Wednesday, December 10, 2008

always something new - percebes!

This morning in the waiting room of a doctor (a consultation for possible sleep apnea), I read an article on percebes. Isn't it interesting how we are always forced to desperately seek a publication that might offer us some level of entertainment in waiting rooms across America?

Magazines I never knew existed seem to be de riguer. My dentist, as an example has many issues of "Fighter Plane" magazine strewn throughout his spacious and otherwise tidy waiting room. Does he actually have an interest in fighter planes? Is he trying to show us that he has a bold, dashing side that we never glimpse in his white, pressed smock, as he tries to keep HIS side of an otherwise banal conversation going. (I can only mutter sounds to signify agreement as his instruments are banging around in my gaping mouth.)

Do these obscure magazines of highly specialized interests (translation: of no interest to the normal or sane person) come in some bulk package rate approaching "free?" Can't my exorbitant bills help subsidize some interesting literature? I feel very, very hostile when I am forced to feel grateful for finding a dog-eared copy of "O" magazine in the vacant seat next to me.

One byproduct of such magazine selections is the material you find yourself reading and the discovery that you can in fact, find amusement and genuine interest in articles you would normally ignore. The world continually offers us wonder no matter where we are or how old we are. Which brings me back to percebes!

In essence, a percebes is a goose barnacle. Percebes have long been a delicacy in Spain, but have recently found favor in some of the elite restaurants in the United States and other countries. What is particularly fascinating about percebes is the difficulty associated with harvesting them. Percebes are limited to certain regions in the world. They survive by clinging on rocks that are continually battered by violent waves which helps force food their way. Unfortunately this results in a very dangerous harvesting environment. Each year at least one death and multiple injuries befall the harvesters in Spain (where the acknowledged BEST percebes can be found).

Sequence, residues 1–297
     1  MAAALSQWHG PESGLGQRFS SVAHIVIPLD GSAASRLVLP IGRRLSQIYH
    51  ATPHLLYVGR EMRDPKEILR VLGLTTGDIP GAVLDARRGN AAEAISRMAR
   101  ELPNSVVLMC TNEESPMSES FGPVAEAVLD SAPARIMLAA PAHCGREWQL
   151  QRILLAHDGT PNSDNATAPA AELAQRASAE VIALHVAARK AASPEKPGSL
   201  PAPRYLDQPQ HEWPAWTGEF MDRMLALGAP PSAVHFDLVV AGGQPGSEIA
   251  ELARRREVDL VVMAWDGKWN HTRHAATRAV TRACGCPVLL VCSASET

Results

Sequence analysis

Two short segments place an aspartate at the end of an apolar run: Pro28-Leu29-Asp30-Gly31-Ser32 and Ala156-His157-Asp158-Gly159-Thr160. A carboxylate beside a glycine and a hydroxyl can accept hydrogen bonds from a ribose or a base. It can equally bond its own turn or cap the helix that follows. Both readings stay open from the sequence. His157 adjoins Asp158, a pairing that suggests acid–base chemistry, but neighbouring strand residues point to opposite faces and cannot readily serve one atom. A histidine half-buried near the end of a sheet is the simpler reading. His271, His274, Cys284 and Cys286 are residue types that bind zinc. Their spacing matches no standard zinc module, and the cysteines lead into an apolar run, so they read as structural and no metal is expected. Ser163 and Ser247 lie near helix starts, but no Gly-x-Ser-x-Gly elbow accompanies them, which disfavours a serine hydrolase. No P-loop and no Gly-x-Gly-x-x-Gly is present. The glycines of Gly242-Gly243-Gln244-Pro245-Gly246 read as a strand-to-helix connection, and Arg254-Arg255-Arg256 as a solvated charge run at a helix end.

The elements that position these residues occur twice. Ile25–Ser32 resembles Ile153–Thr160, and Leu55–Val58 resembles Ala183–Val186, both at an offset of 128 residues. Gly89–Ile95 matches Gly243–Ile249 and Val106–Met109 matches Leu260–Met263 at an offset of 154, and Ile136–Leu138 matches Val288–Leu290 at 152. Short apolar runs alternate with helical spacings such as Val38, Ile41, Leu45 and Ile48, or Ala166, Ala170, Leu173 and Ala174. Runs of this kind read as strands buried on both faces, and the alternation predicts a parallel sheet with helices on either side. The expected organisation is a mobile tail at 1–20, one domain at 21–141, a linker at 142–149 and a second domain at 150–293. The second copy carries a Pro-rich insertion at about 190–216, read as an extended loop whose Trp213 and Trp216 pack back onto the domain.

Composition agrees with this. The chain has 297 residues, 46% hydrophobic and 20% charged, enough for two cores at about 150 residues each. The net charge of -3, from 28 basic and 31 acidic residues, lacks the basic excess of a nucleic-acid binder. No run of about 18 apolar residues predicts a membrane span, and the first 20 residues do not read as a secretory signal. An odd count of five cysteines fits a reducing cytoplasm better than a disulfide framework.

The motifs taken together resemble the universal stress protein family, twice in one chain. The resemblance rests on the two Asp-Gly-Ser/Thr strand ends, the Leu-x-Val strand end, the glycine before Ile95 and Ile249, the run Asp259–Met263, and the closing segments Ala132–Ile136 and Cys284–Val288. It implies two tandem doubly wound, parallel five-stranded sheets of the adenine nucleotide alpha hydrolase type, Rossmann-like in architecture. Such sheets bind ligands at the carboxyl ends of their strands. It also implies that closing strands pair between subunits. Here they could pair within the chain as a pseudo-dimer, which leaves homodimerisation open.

The "Percebes" (yes, the harvesters are referred to by the object of their hunt) often work in pairs where they have 2.5 hours before the arrival of low tide and 1 hour after low tide to do their work. They have a rope affixed to some stable outcropping to enable them to lower themselves to the precipitous rocks below which are surrounded by boiling water. Their eyes are more often fixed upon the waves below them as unpredictable swells can easily overtake them. These swells originated miles away, so they are aware that the rhythm of the ocean can be a deceptive thing. They are attuned to subtle changes in the waves that can signal an approaching swell. They must react instantly and scurry about the rock face as the advanced warning does not afford them much time. Did I mention the best harvests occur during the winter in Spain? Thus the waters are even more volatile.

Strict limits are imposed upon the Percebes and their daily catch. 8 coast guard boats continually patrol the shoreline where the best harvests occur.

According to the author of the article, the first time he had percebes he was less than thrilled by their appearance. He described his bowl as having the appearance of a collection of dinosaur toes. However, when he bit off the head and sucked the insides out of the shell, he claims it was one of the "purest" tastes of the Atlantic Ocean he had ever experienced. In Spain, incidentally, a typical bowl of soup adorned with 7 or 8 percebes goes for over $50. As I mentioned, percebes can be sampled at some of the finest restaurants in the United States on an occasional basis.

I share this information here because I am still delighted and amazed that the world contains many things we do not know. No matter how old we are, it still offers us the same sense of wonder we felt as infants when we took our first steps. As adults we can still revel in these new discoveries, and now we can even dance.

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